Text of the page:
Porth Assault- Judge's Warning. At the Glamorgan Assizes on Monday, Samuel Morgan (17), shackler, was indicted for an assault upon Catherine Harris on December 17th. Mr. Wilfred Lewis (in- structed by Messrs. W. T. Davies and Evans, Porth) appeared for the prose- cut ion. His Lordship, without calling witnesses, said there was a, difficulty in dealing with this case. There was no excuse whatever, but he could not send a boy like that to prison. He had a good character, and he hoped this would be a warning, to him. He would be sentenced to fourteen days. Fortunately for him the Assizes began fourteen days ago, which meant that he would be discharged, but he would not get off so luckily again.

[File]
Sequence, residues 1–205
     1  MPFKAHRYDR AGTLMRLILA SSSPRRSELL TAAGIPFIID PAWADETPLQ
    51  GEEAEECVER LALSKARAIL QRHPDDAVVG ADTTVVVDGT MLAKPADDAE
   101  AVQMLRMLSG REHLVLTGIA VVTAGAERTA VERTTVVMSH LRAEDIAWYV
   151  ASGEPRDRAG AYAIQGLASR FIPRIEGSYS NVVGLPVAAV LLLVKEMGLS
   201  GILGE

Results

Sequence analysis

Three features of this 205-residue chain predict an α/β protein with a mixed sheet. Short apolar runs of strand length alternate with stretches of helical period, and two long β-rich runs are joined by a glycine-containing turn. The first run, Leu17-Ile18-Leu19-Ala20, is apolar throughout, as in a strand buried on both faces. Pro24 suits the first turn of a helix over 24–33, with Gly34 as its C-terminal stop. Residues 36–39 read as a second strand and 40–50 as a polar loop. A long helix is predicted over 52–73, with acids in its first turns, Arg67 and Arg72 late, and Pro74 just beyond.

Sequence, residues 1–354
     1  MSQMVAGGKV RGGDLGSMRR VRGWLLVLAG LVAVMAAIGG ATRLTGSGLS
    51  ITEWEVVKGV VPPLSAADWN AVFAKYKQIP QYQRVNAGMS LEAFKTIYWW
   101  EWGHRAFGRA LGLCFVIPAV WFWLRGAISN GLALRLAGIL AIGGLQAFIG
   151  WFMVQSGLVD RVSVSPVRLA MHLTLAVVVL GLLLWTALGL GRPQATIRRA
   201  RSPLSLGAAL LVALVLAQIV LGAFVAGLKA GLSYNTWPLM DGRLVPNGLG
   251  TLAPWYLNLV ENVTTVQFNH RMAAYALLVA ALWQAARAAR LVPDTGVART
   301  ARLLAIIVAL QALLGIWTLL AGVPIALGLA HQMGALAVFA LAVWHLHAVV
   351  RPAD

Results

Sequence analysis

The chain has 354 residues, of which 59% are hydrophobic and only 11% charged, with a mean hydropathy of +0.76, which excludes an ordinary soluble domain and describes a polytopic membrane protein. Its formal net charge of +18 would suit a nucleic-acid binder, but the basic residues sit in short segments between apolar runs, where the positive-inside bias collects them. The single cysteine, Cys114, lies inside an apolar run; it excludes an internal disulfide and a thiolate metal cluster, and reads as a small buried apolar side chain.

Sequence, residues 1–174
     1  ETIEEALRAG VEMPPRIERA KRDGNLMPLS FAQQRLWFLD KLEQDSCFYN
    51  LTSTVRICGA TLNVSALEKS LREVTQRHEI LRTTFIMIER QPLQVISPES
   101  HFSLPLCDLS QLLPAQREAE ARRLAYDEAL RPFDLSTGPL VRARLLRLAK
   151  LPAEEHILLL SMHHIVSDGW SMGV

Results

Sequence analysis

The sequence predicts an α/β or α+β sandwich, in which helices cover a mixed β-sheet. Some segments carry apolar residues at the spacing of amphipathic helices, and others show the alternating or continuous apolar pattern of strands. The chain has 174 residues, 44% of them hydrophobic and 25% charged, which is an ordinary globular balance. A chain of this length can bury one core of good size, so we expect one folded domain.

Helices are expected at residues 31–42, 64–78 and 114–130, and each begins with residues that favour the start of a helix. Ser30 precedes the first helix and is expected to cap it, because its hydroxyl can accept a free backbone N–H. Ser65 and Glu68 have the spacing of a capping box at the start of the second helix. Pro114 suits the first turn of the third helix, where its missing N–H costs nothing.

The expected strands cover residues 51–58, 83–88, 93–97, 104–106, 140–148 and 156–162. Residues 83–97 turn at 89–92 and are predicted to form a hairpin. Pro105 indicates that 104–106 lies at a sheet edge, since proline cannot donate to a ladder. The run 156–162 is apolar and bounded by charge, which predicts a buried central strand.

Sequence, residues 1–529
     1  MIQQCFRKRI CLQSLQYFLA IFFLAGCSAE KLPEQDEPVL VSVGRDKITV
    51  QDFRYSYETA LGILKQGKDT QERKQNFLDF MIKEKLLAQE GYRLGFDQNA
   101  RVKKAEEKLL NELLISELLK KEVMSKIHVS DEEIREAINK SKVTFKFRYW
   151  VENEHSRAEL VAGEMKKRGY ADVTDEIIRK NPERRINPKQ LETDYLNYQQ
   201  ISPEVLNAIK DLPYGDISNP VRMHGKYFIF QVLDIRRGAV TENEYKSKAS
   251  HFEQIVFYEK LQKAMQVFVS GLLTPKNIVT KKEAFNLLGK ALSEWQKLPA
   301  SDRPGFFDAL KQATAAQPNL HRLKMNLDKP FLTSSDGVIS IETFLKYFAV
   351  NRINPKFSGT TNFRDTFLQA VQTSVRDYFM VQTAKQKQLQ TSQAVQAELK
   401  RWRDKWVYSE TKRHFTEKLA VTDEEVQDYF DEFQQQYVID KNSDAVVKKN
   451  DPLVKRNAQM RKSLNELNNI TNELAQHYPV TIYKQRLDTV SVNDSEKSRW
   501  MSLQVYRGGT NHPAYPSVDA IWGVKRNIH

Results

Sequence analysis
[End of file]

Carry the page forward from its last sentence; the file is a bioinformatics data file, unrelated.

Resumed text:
If. I a EMRYS RICHARDS PjK Eyesight Hints. WJ you tj/f should wear glasses if they will relieve your Headache, At-y lamgined Bilious Attacks, Nervous Trouble, jf$L Eyestrain, &c. It is only a competent Eyesight Specialist T" who can advise you. Many persons lose their sight through wearing glasses for which they were not tested. Few people have eye ike, A dainty pair of Spectacles, or Eyeglasses, fitted by Emrys Richaids, will give y+9 a renewed interest in life and accomplish, what drugs and medicines fail to do. NOTE THE ADDRESS— IMRYS RICHARDS, Chemist and Optician, Dunraven Pharmacy, TONYPANDY (Lower End. the First Chemist nearest Trealaw Bridge). To SPECTACLE WEARERS.—The Sight should be Re-tested once a year | GRAND MUSICAL TREAT 1 Setlxel Chapel (lindly lent for), Tonypandy, the occasi,,n A Grand COMPLIMENTARY CONCERT Under the Distinguished Patronage of Sir Edward and Lady Sassoon, Bart.; W. Abraham (Mabon), Esq., M.P. W. Brace, Esq., M.P. wSrttothe Miss MA.UD G-0LD, «S!aTliSESi On Thursday, April 15th, when the following Celebrated Artistes will appear- Soprano Miss LEAH FELISSA, London and Paris. Tenor: Mr. HENRY GURNEY, The New American Tenor, from the Queen's Hall Concerts and Bechstein Hall, also Principal Tenor at Grand Pageant, Agricultural Hall, London. Solo Pianist: Miss MARIE NOVELLO, the Great Welsh Pianist. Miss Novello will play on a Bechstein Piano supplied by Messrs. THOMPSON & SHACKELL, Cardiff. Solo Violinist: Miss MAUD GOLD, Pupil of Senor Arbos, London. Accompanist: Miss JENNIE EVANS, Llwynypia. Chairman tWo P. NICHOLAS, Esq., Garth Hall, Trea,law Adrr,isgi,ngSpe -ial Reserved Seats, 10 6; Reserved (numbered), 5 and 3, Front Seats, 2, a limited number, 1/ J Doors open at 7-15, to commence at 7-45. Trams pass the Chapel Door. Carriages at 10. 4776 Hen. le-BARNEY ISAACS, Mirror of Gems, Tonypandy, where the plan of Chapel may be seen. BRISTOW, WADLEY, and CO., (The Cardiff Wall-paper Supply), Wholesale and Betail Plate and Sheet Glass, Oil and Colour Merchants. Ask your Decorator for the Wyndham Pattern Book of Art Wall Papers. S, 6, and 8, Mill Lane, CARDIFF. Ring up Nat. 'Phone 1517. 4771. TED POWIS. I Motor Cycle and Phono Depot, k 'V1'^ 26, TAFF STREET, POHTYPRIDD. Nat. Phone. 67 Pontypridd. FROM SjfSp-/sa 158. to <E12 12s. All Machines fully Guaranteed. Don't fail to inspect our large Stock. V/ Repairs and Accessories a Speciality. I 4778 jQ^ Are you Straining your Eyes ? Mr. Reg. J. TRUSCOTT F.I.O., F.8.M.C., f) Will be glad to advise you (without charge) in all matters jLa, I DEFECTIVE SIGHT ANWEARINcfCLE I J WITHOUT CHARGE. t it.),arscif attendance 'g.Botosorbyappointnient. Close on Thursdays all. Hours ot attendance- 1 27, Castle Street, SWANSEA. I The OldestlQUALIFlED OPTICIAN in South Wales. FREE TRIP TO SWANSEA. Train Fares paid to all purchasers of Cycles. A»ent for Sunbeams, Raglans, Rudge-WhiWorth and B.S.A. Cycles £ 4 5s. to £ 15 15s. ° Easy terms, 2s. 6d. weekly. Send P.O. for Catalogues, etc. IVOR L. ROBERTS, 48, Oxford St., Swansea 6495 _——————. } o£S ",e d 90"" N }\.ø 'MY oW f\O\) \S\NG S'f rr1:l £; If's S t"" t ell to ',)e Ó ¡; G 3J\11\ e a.s 1 .I lS &0 ø-<¡P- p.\<.E.S, 0\\1\3. S 0 Lčl- pet"Q \'9."Ô dz 2 \\S, i. i \\i OtA, 1'1:, rr i\. }. b, i